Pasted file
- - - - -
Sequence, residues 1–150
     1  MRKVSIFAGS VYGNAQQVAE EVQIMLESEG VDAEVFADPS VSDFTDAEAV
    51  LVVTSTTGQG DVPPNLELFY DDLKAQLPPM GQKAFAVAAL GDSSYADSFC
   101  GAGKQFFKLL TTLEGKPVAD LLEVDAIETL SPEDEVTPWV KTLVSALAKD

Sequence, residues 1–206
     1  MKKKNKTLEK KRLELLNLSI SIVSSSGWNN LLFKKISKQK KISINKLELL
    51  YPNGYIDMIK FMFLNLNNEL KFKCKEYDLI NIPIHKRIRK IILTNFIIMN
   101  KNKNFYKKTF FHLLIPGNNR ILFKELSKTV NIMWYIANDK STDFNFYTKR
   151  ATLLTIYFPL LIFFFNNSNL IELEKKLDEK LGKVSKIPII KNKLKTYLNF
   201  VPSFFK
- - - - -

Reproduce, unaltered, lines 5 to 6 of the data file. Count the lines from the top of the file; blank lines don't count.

Sequence, residues 1–206
     1  MKKKNKTLEK KRLELLNLSI SIVSSSGWNN LLFKKISKQK KISINKLELL